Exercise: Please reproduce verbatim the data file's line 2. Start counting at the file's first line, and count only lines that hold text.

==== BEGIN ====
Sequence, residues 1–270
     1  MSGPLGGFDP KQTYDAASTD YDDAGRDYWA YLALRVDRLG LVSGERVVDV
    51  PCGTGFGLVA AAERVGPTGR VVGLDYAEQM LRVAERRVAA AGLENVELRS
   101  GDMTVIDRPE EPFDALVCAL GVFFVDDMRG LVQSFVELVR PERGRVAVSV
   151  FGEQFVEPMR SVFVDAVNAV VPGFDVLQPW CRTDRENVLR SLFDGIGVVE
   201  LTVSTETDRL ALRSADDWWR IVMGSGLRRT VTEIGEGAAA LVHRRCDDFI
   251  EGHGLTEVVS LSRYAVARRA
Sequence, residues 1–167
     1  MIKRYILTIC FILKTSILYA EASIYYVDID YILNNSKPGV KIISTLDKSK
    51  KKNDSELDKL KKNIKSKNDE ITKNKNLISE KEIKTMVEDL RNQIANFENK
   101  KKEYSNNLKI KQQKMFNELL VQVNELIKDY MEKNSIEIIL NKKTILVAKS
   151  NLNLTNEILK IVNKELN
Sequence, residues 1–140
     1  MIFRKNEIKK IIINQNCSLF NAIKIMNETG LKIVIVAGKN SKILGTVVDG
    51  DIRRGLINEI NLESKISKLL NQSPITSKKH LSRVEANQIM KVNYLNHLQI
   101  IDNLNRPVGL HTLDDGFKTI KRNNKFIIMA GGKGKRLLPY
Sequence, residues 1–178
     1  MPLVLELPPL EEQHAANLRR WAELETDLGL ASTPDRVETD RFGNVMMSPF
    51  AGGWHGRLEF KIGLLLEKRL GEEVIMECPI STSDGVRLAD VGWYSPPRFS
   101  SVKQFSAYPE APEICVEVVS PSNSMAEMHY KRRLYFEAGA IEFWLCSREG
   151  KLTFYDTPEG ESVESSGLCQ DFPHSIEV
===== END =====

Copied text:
     1  MSGPLGGFDP KQTYDAASTD YDDAGRDYWA YLALRVDRLG LVSGERVVDV